forger to run it for us on business lines."

Raffles uttered these blasphemies under his breath, not, I am afraid,
out of any respect for my one redeeming profession, but because we were
taking a midnight airing on the roof, after a whole day of June in the
little flat below. The stars shone overhead, the lights of London
underneath, and between the lips of Raffles a cigarette of the old and
only brand. I had sent in secret for a box of the best; the boon had
arrived that night; and the foregoing speech was the first result. I
could afford to ignore the insolent asides, however, where the apparent
contention was so manifestly unsound.

"And how are you going to get rid of your gold?" said I, pertinently.

"Nothing easier, my dear rabbit."

"Is your Room of Gold a roomful of sovereigns?"

Raffles laughed softly at my scorn.

"No, Bunny, it's principally in the shape of archaic ornaments, whose
value, I admit, is largely extrinsic. But gold is gold, from
Phoenicia to Klondike, and if we cleared the room we should eventually
do very well."

"How?"

"I should melt it down into a nugget, and bring it home from the U.S.A.
to-morrow."

"And then?"

"Make them pay up in hard cash across the counter of the Bank of
England. And you CAN make them."

That I knew, and so said nothing for a time, remaining a hostile though
a silent critic, while we paced the cool black leads with our bare
feet, softly as cats.

"And how do you propose to get enough away," at length I asked, "to
make it worth while?"

"Ah, there you have it," said Raffles. "I only propose to reconnoitre
the ground, to see what we can see. We might find some hiding-place
for a night; that, I am afraid, would be our only chance."

"Have you ever been there before?"

"Not since they got the one good, portable piece which I believe that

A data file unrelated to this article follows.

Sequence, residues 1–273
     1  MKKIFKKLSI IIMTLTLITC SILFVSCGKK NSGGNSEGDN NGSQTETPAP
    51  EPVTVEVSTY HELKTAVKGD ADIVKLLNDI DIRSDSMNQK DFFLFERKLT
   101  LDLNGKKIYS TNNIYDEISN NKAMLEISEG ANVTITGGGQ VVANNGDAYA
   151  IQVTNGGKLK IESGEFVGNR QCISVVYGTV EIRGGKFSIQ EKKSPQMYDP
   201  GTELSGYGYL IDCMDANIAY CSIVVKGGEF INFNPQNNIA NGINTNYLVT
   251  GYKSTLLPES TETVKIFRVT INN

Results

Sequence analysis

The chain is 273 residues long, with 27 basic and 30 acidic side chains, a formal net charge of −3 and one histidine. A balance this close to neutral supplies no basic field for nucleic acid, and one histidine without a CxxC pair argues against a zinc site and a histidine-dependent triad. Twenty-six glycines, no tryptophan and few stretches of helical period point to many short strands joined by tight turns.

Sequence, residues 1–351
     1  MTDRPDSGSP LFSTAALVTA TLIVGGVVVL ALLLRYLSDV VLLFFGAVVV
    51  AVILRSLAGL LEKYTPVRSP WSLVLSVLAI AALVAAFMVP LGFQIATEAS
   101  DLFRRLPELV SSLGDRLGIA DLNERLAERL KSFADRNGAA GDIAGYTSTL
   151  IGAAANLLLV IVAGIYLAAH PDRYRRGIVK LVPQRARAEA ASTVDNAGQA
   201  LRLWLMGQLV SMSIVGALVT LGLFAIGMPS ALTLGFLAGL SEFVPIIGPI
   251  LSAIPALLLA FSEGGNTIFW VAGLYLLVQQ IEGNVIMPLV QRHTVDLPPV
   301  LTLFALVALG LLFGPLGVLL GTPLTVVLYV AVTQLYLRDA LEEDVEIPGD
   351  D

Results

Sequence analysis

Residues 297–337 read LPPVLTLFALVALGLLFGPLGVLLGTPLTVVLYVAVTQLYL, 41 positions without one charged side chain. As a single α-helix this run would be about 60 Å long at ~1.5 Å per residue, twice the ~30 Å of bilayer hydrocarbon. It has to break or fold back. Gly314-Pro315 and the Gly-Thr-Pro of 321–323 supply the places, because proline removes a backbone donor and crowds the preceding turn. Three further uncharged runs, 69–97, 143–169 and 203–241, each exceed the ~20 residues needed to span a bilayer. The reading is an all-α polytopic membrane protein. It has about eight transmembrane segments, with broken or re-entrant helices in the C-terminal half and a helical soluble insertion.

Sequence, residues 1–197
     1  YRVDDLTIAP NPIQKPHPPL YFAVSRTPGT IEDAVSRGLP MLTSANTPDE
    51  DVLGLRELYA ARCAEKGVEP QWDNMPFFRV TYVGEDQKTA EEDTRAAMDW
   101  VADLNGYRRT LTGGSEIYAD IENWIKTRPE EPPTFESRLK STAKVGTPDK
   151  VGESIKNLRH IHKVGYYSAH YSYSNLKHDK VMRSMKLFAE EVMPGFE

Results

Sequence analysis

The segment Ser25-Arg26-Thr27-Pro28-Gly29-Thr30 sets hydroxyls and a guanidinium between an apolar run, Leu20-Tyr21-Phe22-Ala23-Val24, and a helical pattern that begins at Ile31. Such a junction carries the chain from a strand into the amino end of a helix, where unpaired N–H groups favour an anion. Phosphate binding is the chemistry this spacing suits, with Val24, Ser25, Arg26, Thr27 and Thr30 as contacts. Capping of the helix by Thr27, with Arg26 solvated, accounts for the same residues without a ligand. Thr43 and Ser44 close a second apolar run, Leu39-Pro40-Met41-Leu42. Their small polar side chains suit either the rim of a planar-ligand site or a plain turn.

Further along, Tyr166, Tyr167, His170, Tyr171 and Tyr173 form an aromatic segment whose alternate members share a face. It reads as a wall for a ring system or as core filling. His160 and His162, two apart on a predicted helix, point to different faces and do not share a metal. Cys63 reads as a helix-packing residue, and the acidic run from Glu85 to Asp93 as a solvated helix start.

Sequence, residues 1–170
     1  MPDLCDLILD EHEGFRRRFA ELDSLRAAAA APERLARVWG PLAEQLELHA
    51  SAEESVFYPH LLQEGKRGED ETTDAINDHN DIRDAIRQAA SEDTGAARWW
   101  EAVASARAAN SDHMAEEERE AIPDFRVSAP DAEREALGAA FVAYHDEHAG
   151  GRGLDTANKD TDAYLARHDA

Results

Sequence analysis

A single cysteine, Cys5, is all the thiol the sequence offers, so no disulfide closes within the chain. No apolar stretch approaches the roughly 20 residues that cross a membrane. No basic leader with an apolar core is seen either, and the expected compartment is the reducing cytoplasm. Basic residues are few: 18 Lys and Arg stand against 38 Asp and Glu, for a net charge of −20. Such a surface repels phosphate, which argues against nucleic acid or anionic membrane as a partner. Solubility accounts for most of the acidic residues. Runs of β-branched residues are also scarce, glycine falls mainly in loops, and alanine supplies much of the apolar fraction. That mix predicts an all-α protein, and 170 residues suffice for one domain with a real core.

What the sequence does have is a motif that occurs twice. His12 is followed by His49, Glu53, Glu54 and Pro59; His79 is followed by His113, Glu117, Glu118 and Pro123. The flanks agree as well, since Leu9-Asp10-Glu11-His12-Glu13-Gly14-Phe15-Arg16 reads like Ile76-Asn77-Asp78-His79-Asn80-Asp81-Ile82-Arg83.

they exhibit now. It's a long time since I read of it - I can't
remember where - but I know they have got a gold cup of sorts worth
several thousands. A number of the immorally rich clubbed together
and presented it to the nation; and two of the richly immoral intend to
snaffle it for themselves. At any rate we might go and have a look at
it, Bunny, don't you think?"

Think! I seized his arm.

"When? When? When?" I asked, like a quick-firing gun.

"The sooner the better, while old Theobald's away on his honeymoon."

Our medico had married the week before, nor was any fellow-practitioner
taking his work - at least not that considerable branch of it which
consisted of Raffles - during his brief absence from town. There were
reasons, delightfully obvious to us, why such a plan would have been
highly unwise in Dr. Theobald. I, however, was sending him daily
screeds, and both matutinal and nocturnal telegrams, the composition of
which afforded Raffles not a little enjoyment.

"Well, then, when - when?" I began to repeat.

"To-morrow, if you like."

"Only to look?"

The limitation was my one regret.

"We must do so, Bunny, before we leap."

"Very well," I sighed. "But to-morrow it is!"

And the morrow it really was.

I saw the porter that night, and, I still think, bought his absolute
allegiance for the second coin of the realm. My story, however,
invented by Raffles, was sufficiently specious in itself. That sick
gentleman, Mr. Maturin (as I had to remember to call him), was really,
or apparently, sickening for fresh air. Dr. Theobald would allow him
none; he was pestering me for just one day in the country while the
glorious weather lasted. I was myself convinced that no possible harm
could come of the experiment. Would the porter help me in so innocent
and meritorious an intrigue? The man hesitated. I produced my
half-sovereign. The man was lost. And at half-past eight next
morning - before the heat of the day - Raffles and I drove to Kew Gardens
in a hired landau which was to call for us at mid-day and wait until we
came. The porter had assisted me to carry my invalid downstairs, in a
carrying-chair hired (like the landau) from Harrod's Stores for the
occasion.

It was little after nine when we crawled together into the gardens; by